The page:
The provision of healthy modern housing for all was one of the foremost ideals of the Modern Movement, and inspired a vast wave of planning and building across the world during the 20th century. In the last quarter of the century, even as the foundational programmes of Europe and America lost their impetus, the baton was passed on to other countries, especially in eastern Asia, where the narrative of Modern mass housing was reinvigorated for the next century - a unique example of a key Modernist project that actually continues and thrives today, and which thus forms a principal focus of interest for DOCOMOMO – the leading international organisation promoting the documentation and conservation of buildings, sites and neighbourhoods of the Modern Movement.

As heritage, the built legacies of this diverse and multi-generational adventure are almost always too controversial to qualify for conservation strategies. Instead, therefore, recording and inventorisation must dominate the heritage interest in this field. In the recognition of that fact, DOCOMOMO’s International Specialist Committee on Urbanism and Landscape, in partnership with the Scottish Centre for Conservation Studies at the University of Edinburgh, has launched the International Mass Housing Archive, whose aim is to provide an openly-licensed library of images of significant housing projects in each working-group territory, free of copyright restrictions.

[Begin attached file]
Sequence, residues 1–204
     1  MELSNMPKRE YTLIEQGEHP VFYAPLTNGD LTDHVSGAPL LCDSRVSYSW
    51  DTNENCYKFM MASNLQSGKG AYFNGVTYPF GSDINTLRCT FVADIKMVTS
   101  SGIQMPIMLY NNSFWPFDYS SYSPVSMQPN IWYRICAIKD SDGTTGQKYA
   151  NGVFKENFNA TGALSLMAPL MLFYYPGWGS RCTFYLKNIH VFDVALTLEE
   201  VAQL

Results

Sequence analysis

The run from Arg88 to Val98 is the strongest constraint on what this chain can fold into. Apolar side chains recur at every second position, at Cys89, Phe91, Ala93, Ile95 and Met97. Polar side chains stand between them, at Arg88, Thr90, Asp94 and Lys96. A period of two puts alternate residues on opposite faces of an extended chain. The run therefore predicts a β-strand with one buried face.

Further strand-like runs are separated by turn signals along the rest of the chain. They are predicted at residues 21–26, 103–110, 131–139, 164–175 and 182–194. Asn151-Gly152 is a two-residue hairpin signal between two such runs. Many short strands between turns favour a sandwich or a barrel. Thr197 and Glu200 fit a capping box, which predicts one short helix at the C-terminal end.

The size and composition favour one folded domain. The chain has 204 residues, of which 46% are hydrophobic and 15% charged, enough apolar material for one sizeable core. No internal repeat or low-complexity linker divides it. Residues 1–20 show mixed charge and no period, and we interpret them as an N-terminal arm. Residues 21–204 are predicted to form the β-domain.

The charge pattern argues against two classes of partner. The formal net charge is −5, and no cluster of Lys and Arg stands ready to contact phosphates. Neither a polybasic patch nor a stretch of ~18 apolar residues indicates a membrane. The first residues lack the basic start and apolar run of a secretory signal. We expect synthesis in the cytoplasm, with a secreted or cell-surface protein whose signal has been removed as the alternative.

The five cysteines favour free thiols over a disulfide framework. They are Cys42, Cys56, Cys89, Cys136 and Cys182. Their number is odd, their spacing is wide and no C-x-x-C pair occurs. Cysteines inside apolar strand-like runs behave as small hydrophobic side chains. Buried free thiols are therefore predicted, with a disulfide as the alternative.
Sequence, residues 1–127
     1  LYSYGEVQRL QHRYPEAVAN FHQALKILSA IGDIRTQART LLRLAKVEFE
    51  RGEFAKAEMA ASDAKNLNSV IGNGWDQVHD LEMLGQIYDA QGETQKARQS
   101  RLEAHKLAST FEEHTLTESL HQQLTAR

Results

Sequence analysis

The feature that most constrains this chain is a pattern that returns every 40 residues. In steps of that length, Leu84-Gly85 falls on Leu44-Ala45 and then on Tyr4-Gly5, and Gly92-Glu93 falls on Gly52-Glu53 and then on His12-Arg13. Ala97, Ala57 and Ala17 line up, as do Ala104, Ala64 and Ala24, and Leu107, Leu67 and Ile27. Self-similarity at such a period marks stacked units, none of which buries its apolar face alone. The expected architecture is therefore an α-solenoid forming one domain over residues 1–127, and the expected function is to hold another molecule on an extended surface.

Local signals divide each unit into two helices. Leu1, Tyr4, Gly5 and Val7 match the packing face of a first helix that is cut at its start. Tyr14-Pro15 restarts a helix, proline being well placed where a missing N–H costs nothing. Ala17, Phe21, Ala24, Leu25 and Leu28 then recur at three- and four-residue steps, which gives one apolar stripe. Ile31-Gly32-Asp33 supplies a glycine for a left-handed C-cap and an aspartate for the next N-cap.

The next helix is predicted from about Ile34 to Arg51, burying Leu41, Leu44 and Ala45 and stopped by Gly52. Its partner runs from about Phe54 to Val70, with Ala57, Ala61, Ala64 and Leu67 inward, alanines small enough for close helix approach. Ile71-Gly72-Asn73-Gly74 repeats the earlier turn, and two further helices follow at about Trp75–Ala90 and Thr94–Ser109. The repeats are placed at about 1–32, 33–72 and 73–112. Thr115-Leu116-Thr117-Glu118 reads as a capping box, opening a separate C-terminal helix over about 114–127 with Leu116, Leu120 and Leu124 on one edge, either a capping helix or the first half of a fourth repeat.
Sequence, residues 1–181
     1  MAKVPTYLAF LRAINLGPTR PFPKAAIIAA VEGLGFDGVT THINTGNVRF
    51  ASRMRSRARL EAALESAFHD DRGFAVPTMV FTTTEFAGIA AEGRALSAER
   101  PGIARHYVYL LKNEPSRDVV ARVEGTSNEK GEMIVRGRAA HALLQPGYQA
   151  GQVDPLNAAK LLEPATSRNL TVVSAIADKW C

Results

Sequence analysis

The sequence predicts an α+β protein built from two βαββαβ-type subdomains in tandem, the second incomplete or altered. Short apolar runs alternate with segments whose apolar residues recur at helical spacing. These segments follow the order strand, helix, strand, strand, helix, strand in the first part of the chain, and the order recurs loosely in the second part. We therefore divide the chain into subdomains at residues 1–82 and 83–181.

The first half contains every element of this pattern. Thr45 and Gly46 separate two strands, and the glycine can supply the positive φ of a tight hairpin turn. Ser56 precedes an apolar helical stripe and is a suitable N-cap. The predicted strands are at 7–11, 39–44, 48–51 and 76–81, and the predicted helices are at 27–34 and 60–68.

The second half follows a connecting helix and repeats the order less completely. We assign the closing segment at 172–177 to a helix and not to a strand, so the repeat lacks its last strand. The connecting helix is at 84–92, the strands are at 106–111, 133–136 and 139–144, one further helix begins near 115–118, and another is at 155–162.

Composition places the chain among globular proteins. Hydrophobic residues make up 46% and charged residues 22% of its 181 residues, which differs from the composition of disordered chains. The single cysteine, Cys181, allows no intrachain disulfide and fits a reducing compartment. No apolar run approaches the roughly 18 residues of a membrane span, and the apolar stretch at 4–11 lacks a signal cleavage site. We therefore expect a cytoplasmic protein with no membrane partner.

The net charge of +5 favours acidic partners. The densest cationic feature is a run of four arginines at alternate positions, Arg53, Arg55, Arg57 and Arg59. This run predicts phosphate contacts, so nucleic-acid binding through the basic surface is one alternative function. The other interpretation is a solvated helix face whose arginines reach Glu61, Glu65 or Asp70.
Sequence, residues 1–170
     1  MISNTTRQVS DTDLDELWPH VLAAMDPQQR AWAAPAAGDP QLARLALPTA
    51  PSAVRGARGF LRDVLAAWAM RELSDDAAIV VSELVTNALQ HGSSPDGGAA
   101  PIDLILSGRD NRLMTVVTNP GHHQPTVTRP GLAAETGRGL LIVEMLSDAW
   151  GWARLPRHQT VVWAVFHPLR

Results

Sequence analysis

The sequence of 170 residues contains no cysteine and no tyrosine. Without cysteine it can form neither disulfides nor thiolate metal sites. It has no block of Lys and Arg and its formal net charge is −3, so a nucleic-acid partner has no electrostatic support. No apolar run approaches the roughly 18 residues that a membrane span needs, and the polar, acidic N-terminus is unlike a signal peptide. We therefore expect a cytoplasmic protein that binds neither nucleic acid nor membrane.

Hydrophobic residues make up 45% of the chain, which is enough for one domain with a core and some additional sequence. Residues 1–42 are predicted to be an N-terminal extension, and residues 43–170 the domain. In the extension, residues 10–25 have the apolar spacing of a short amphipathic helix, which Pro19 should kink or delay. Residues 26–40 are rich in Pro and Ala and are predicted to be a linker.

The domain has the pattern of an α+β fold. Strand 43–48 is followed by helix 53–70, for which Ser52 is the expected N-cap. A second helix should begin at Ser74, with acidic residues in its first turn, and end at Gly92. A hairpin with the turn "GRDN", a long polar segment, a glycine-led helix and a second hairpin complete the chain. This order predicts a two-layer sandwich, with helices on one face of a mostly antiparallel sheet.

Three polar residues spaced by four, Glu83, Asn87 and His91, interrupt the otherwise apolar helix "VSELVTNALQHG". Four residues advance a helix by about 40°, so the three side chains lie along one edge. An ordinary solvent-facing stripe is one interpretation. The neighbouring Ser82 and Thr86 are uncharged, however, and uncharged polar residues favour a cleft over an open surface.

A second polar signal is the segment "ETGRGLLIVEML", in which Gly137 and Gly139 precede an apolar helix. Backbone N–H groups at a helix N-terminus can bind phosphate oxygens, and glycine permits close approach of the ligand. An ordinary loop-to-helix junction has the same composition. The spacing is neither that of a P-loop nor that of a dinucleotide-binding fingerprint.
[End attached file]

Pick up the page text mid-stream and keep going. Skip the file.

The International Mass Housing Archive is subdivided under geographical headings corresponding to the constituent working groups of DOCOMOMO, and the individual housing projects are searchable under city and project name. Initially, the Image Archive will be managed and augmented centrally by DOCOMOMO and the SCCS, in partnership with University of Edinburgh Information Services, commencing with pilot city surveys sourced from our own photographic records in the first instance.

The archive is related to several existing mass housing documentation initiatives. These include two concerning Britain, ‘Tower Block UK’ and the online version of the 1994 book, Tower Block: www.towerblock.eca.ed.ac.uk and http://fields.eca.ac.uk/gis/TowerBlock.pdf; and one concerning Hong Kong: see DOI: 10.7488/ds/322 and www.hk.towerblock.eca.ed.ac.uk/list-of-estates .

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  • Hong Kong Public Housing Database 

    Glendinning, Miles; Forsyth, Louise; Maxwell, Gavin; Wood, Michael
    These images form part of the Hong Kong Public Housing Database, which contains data on all current public housing developments in the HKSAR (including Home Ownership Scheme and private sector participation developments). ...